At several recent, internationally attended scientific meetings, including the American Association for Cancer Research (AACR)'s "Shaping the Future of Cancer Prevention: A Roadmap for Integrative Cancer Science and Public Health" summit in Leesburg (VA) and the AACR Annual Meeting in New Orleans, the focus on cancer prevention to reduce cancer deaths was extensively discussed with renewed attention and emphasis. Cancer prevention should be actively proposed even to healthy individuals, and not just to individuals with high cancer risk. We discuss evaluation of a high cancer risk versus the relatively low risk for side effects of chemopreventive agents. The concept of cancer interception, which is halting transformed cells from becoming malignant cancers, should be adopted for cancer prevention. Potential prevention/interception actions include: adopting healthy life style and avoiding carcinogens, repressing inflammation and pathological angiogenesis, controlling metabolism, correcting insulin resistance and other metabolic alterations. Current drugs with limited toxicity that can be repurposed to reduce cancer incidence. Aspirin is now being recommended for prevention of colorectal cancer and prevents other neoplasms as well. Metformin and beta blockers could be valuable for reducing pancreatic and breast cancer onset. Based on the evaluation of cancer risk, we here call for personalized approaches for cancer prevention and preventive interception and we envisage a list of measures and potential guidelines for preventive and interceptive strategies to reduce cancer burden. Investment into translational research to bring these approaches into public health policies and in the clinic is urgently needed.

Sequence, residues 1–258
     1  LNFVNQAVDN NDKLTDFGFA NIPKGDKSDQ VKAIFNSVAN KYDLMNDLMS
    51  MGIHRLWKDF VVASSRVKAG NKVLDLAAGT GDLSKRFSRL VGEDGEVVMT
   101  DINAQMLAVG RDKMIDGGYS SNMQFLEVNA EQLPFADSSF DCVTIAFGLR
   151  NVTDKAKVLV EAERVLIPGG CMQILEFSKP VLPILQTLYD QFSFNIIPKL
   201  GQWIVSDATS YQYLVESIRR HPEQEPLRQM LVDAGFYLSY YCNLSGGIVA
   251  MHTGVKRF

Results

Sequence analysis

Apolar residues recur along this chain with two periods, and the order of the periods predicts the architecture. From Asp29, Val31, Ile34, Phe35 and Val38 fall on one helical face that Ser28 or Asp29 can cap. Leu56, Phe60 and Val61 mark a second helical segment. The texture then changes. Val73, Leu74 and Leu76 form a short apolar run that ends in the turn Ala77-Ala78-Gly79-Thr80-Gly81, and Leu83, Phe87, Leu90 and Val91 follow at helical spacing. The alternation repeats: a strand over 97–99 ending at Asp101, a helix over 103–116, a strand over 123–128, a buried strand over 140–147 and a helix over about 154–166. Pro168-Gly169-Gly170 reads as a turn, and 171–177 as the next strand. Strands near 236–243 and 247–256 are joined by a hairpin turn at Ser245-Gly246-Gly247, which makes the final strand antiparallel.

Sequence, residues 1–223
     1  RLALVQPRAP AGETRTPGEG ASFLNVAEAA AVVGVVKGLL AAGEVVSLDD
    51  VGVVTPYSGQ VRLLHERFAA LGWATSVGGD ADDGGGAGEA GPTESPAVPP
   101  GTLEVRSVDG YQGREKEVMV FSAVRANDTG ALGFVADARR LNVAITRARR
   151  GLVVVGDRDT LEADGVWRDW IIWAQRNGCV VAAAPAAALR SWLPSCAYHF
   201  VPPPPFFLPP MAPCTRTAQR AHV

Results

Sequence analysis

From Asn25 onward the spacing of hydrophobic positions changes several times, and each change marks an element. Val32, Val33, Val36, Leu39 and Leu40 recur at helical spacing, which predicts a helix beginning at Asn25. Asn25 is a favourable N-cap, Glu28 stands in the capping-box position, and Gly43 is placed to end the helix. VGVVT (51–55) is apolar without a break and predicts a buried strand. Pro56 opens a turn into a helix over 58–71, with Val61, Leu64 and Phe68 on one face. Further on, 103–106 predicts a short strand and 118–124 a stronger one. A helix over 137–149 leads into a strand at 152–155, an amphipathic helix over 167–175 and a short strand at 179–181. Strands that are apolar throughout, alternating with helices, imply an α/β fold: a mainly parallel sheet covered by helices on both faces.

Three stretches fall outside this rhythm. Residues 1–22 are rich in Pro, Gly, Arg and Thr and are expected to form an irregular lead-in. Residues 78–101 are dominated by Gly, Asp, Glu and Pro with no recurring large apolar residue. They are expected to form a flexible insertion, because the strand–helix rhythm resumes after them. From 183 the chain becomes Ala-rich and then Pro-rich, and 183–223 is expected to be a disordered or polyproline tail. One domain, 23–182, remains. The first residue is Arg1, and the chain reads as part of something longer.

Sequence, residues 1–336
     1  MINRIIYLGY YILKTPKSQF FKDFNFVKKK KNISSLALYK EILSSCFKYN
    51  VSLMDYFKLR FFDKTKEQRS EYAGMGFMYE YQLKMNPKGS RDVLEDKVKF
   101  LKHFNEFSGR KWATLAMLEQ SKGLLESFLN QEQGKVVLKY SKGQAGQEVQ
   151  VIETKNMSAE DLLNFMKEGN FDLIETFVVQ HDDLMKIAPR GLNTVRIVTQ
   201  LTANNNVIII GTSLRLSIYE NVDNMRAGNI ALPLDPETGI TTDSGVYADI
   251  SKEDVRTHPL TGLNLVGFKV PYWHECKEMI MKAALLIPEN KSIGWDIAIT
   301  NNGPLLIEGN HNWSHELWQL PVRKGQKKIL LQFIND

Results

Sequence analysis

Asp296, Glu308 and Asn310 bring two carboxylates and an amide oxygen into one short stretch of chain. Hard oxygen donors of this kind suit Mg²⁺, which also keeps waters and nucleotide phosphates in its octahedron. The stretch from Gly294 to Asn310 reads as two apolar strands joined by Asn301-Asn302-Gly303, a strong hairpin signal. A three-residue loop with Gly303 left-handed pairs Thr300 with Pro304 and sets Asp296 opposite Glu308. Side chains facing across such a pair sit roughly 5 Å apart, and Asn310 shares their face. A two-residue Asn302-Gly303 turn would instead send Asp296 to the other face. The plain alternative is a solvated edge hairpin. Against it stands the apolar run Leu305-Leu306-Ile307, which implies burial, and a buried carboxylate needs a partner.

- Received March 16, 2016.
- Revision received May 13, 2016.
- Accepted May 13, 2016.
- Copyright ©2016, American Association for Cancer Research.